How to deploy WordPress using the Windows Azure SDK for PHP WordPress scaffold

Author: Ben Lobaugh <>

Date: Wednesday, August 24, 2011, 12:42:15 PM

Tags: Scenario, WordPress

Table of Contents

Note:This article pertains to the CodePlex SDK initially released late 2009. The Windows Azure team has since then released a newer version of the Azure SDK for PHP on Github. Please refer to the Windows Azure PHP Developer Center for documentation on this more recent version of the SDK.

Please stay tuned and come back here regularly as we are working on refreshing the tutorials to deliver up to date and useful content for our PHP developers.


Update (2011-12-19): Removed dependency on FileSystemDurabilityPlugin

Recommended Reading

Understanding Windows Azure



This article will show you how to use the scaffolding features of the Windows Azure SDK for PHP and the WordPress scaffold to quickly deploy an instance of WordPress optimized to run on Windows Azure.

This article assumes you have a Windows Azure development environment already setup on your machine. If you have not setup the development environment yet please see the articles listed in the Pre-Requisite to get your Windows Azure development environment setup.

Internet access is required for the WordPress scaffold to download several core components.

Windows Azure service setup

Before you will be able to run WordPress on Windows Azure you need to setup the following services:

  • Hosted Service
  • Storage account
  • SQL Azure database

For more information on setting up these services see the following MSDN articles

Download the WordPress scaffold

A version of WordPress that is optimized to run on Windows Azure has been turned into a scaffold to allow for easy configuration and deployment to Windows Azure. The WordPress scaffold can be downloaded from:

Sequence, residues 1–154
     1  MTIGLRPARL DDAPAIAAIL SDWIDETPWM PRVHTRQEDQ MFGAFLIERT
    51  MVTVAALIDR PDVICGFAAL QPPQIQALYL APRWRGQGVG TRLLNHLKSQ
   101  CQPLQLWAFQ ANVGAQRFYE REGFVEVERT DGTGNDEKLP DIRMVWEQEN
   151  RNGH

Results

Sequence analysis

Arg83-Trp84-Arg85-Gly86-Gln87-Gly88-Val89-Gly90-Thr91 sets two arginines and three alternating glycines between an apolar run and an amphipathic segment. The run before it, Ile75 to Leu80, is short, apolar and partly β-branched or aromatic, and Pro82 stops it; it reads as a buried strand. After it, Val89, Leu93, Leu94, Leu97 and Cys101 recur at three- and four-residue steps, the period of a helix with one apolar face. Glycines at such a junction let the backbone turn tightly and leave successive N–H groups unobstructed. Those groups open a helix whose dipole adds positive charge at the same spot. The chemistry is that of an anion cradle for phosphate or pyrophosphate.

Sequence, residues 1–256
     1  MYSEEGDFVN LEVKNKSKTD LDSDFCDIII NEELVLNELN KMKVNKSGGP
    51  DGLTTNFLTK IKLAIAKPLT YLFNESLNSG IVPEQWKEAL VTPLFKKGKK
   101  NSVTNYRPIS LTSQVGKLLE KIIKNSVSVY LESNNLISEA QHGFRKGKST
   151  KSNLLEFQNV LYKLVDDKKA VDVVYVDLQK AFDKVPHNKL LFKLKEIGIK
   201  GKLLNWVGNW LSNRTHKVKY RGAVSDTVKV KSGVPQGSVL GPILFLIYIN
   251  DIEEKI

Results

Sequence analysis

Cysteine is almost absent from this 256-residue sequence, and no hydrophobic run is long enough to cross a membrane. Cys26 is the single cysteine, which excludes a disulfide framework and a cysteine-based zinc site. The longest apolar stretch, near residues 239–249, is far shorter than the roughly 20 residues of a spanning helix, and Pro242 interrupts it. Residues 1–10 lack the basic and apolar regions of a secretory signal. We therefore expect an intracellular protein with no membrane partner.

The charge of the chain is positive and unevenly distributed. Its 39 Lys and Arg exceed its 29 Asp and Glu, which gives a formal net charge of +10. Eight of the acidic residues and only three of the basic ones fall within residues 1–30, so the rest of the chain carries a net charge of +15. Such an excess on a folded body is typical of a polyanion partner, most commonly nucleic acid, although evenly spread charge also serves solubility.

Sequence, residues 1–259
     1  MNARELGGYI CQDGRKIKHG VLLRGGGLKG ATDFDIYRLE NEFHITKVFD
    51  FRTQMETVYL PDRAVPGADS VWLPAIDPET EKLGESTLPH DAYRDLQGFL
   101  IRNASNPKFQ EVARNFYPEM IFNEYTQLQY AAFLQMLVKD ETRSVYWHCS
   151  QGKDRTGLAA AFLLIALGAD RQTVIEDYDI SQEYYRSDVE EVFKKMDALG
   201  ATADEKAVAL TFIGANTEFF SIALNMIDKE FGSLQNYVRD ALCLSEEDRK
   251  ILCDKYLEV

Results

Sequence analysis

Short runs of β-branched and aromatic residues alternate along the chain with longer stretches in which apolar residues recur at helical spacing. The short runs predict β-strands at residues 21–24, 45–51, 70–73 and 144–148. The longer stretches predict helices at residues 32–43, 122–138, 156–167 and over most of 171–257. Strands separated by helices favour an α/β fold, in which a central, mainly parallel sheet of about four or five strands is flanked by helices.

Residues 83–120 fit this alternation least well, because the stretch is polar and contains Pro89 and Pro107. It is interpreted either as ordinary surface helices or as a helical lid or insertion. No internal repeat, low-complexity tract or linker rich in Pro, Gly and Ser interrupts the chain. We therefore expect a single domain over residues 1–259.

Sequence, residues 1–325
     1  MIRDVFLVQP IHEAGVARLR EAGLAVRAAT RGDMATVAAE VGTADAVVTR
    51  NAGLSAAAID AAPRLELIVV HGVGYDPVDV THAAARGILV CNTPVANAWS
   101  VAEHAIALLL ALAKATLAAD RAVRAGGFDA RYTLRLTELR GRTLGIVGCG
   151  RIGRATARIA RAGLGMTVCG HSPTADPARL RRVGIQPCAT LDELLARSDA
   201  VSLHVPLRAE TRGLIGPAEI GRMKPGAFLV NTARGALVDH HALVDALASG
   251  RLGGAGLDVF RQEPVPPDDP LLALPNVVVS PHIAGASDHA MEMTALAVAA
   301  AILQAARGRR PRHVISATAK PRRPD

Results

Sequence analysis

The WordPress.phar file contains the packaged scaffold you need to run this tutorial. The WordPress folder contains the source of the scaffold which you can download and alter as need requires.

Place the WordPress.phar file into C:\temp for easy reference during the remainder of this article

Run the WordPress scaffold

When the WordPress scaffold is run the optimized version of WordPress will be built in a project location of your choosing, for this article we will be using C:\temp\WordPress.


The WordPress scaffold requires several parameters when being run. The values of the given parameters will be used to populate the ServiceConfiguration.cscfg file.

-DB_NAME - Name of the database to store WordPress data in

-DB_USER - Username of user with access to the database. This will be of the form user@db_host

-DB_PASSWORD - Password of user with access to the database

-DB_HOST - Hostname of database. This should be the fully qualified domain name

-sync_account - Endpoint of Windows Azure Storage account. NOTE: Inside of this storage account you will need to create a public container called 'wpsync'

-sync_key - Access key of Windows Azure Storage account

Note: If you need to change the value of a parameter after running the scaffold you will not need to rerun the scaffold. Open the ServiceConfiguration.cscfg file for editing and you will see all the values you entered previously.

Additional Parameters

More parameters than those listed above are available in the WordPress scaffold. All additional parameters contain a default value that generally will not need to be changed. You can view all available parameters with the following command:

scaffolder help -s="C:\temp\WordPress.phar"

Create the project

The WordPress scaffold can be run with the following command:

scaffolder run -s="C:\temp\WordPress.phar" -out="C:\temp\WordPress" -DB_NAME **** -DB_USER ****@**** -DB_PASSWORD **** -DB_HOST **** -sync_account **** -sync_key ****

Running the WordPress scaffold may take several minutes. There are several critical operations happening:

Open C:\temp\WordPress in a file browser and you should see the following files:

  • WebRole/
  • ServiceConfiguration.cscfg
  • ServiceDefinition.csdef

The WordPress files are located inside of the WebRole folder.


Using an existing WordPress codebase